To investigate the role of AP-1 transcription factors in mediating retinoid-induced growth suppression of breast cells, we studied the sensitivity of MCF7 breast cancer cells with different levels of AP-1 activity to all-trans retinoic acid (atRA). AP-1 activity was increased in MCF7 cells by stably transfecting c-jun cDNA into these cells. Parental and vector-transfected MCF7 cells, which were sensitive to the growth-inhibitory effects of atRA, exhibited atRA-dependent retinoic acid receptor (RAR) transactivation and transrepression of 12-O-tetradecanoylphorbol-13-acetate-induced AP-1 activity. The c-jun-transfected MCF7 cells had increased basal AP-1 transactivation activity and increased expression of AP-1-regulated genes but were resistant to the antiproliferative effects of atRA. However, MCF7 cells transfected with a deletion mutant of c-jun, TAM-67, which lacks most of the amino-terminal transactivation domain of cJun and is unable to activate AP-1-dependent gene expression, were sensitive to the growth-inhibitory effects of atRA. These results suggest that the transactivation domain of cJun is required for induction of retinoid resistance in these breast cancer cells. atRA did not activate RAR-dependent gene transcription or transrepress 12-O-tetradecanoylphorbol-13-acetate-induced AP-1 activity in these cJun-overexpressing cells. Investigation of the RAR and retinoic acid X receptor expression level demonstrated that RARα and RARγ RNA expression was reduced in the c-jun-transfected MCF7 cells, whereas RARβ expression was up-regulated. However, retinoic acid responsive element DNA binding activity was intact in c-jun-transfected cells. Therefore, the mechanism by which cJun overexpression induces resistance to the growth-inhibitory effect of atRA may be through interference with atRA-dependent RAR transactivation or AP-1 transrepression, possibly through titration of essential coactivators. These results suggest that the antiproliferative effects of retinoids can be overcome by cJun overexpression.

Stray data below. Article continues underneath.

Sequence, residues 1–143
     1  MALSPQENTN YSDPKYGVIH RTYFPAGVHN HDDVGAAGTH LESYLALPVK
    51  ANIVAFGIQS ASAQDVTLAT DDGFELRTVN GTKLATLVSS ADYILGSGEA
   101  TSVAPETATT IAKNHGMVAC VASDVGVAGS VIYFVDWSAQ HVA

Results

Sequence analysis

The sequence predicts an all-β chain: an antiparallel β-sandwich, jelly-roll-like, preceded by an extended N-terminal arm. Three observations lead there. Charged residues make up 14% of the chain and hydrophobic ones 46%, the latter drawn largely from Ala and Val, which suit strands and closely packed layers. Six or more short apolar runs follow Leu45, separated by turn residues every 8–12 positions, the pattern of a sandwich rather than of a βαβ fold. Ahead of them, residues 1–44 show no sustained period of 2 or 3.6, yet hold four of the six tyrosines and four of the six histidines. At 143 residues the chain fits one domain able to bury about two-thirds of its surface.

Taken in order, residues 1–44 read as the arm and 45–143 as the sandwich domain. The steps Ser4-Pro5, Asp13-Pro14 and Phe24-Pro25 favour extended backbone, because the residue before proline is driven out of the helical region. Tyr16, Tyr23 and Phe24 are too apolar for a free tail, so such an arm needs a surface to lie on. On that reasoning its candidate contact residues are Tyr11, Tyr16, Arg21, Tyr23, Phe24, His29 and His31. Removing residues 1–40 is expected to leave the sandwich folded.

1

This work was supported by San Antonio Cancer Institute Grant P30 CA 54174 (L. M. Y.), Department of Defense Grant DAMD-17-96-1-6225 (to P. H. B. and D. M. M.), and a grant from the V Foundation for Cancer Research.

This content is only available via PDF.